Welcome to our Query and 1st Page Workshop with some of our amazing Pitch Wars mentors. From a Rafflecopter lottery drawing, we selected writers to participate in our query and first page workshops. Each mentor has graciously critiqued a query or 500 word opening from our lucky winners. We’ll be posting four critiques per day (except weekends) through July 7. Our hope is that these samples will help shine up your query and first page and that you’ll get to know some of our wonderful Pitch Wars mentors. We appreciate our mentors for giving up their time to do the critiques. If you have something encouraging to add, feel free to comment below. Please keep all comments tasteful. We will delete any inappropriate or hurtful ones.
First up we have …
Pitch Wars Mentor Kelly deVos
A third generation native Arizonan, Kelly deVos can tell you everything you’ve ever wanted to know about cactus, cattle and climate. She holds a B.A. in Creative Writing from Arizona State University. Her debut novel, FAT GIRL ON A PLANE, will be published in 2018 by Harlequin Teen and her work has been featured in Normal Noise and 202 Magazine.
Kelly’s Query Critique…
AGE CATEGORY: Adult
PASTE QUERY (here in the body of the email):
A sinister killer stole her and held her captive for three days… and she was one of the lucky ones. [KD: I think it’s a great idea to open with this kind of hook BUT use of the world “stole” tripped me up and the term Beacon Hill Strangler is way more interesting than “sinister killer”]
Fifteen years later, still tortured by the memories of that lost time, Simone Chase is asked to investigate a recent murder. A recent murder that holds some disturbing similarities to those events of her past. [KD: This is a really intriguing concept. But why would Simone specifically be asked to investigate? We’re not given much to go on in terms of figuring out wat makes this character unique. How old is she? What’s her occupation? Where does she live?]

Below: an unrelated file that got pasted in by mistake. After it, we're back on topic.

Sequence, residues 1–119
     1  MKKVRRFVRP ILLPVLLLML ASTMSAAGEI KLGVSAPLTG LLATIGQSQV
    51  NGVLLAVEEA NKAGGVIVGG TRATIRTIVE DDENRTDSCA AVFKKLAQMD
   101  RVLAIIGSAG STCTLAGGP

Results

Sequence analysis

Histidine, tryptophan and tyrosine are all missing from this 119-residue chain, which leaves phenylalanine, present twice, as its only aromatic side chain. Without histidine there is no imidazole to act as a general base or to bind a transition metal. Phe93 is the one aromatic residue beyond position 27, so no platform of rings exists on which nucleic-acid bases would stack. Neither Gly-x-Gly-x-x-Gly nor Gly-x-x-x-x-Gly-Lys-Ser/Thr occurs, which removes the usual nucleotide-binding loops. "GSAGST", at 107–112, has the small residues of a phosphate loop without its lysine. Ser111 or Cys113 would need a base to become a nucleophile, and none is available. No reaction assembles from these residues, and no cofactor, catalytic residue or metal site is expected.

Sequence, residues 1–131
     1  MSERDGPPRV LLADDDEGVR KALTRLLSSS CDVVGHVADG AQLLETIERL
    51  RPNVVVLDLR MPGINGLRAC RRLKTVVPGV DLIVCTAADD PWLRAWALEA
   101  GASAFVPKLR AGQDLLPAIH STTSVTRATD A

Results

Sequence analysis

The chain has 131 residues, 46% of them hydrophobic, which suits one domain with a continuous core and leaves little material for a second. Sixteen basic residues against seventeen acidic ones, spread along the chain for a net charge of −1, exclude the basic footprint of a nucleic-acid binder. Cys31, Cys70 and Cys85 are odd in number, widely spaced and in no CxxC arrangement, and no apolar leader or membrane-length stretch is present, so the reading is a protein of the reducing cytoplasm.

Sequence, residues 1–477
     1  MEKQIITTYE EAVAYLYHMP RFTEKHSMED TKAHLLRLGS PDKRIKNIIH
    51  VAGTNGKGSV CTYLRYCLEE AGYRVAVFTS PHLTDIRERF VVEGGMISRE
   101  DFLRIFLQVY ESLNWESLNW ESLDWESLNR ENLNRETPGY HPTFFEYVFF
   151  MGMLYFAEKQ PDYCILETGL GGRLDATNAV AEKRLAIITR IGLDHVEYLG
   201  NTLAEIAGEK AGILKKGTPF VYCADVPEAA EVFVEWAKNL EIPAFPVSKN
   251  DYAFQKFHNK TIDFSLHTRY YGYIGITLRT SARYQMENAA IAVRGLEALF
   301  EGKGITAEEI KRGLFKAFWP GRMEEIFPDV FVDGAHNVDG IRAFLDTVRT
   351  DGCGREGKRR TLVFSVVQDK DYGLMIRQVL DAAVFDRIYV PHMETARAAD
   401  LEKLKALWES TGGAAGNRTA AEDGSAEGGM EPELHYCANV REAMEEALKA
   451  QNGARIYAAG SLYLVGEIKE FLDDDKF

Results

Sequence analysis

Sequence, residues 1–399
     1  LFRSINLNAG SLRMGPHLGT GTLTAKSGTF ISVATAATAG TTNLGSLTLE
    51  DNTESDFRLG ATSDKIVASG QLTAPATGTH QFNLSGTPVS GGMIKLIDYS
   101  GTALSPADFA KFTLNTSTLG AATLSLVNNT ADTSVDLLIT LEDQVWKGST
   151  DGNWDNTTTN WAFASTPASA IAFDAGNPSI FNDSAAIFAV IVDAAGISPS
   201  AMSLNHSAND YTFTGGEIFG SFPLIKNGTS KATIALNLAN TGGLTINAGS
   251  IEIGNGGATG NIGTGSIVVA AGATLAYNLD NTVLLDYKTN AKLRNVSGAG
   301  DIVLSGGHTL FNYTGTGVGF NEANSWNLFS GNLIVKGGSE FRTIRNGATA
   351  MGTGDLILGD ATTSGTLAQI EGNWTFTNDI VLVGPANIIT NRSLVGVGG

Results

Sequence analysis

Her abductor is safely locked away, but someone is picking up where he left off, and as more victims emerge, it appears Simone is firmly in the killer’s crosshairs. Desperate to uncover the truth, she is pulled headlong into a decade long cover up that may just turn her whole world upside down. [KD: I don’t think this is nearly enough information about the plot of the book. I think you need to work the information in the synopsis below and combine the two things as one query.]
THE FIFTEENTH VICTIM is a psychological thriller in the spirit of the work of Gillian Flynn and Fiona Barton and currently stands complete at 81,000 words. [KD: Personally, I’d word this a bit more conventionally. “Complete at 81,000 words, THE FIFTEENTH VICTIM is a psychological thriller perfect for fans of Gillian Flynn and Fiona Barton.]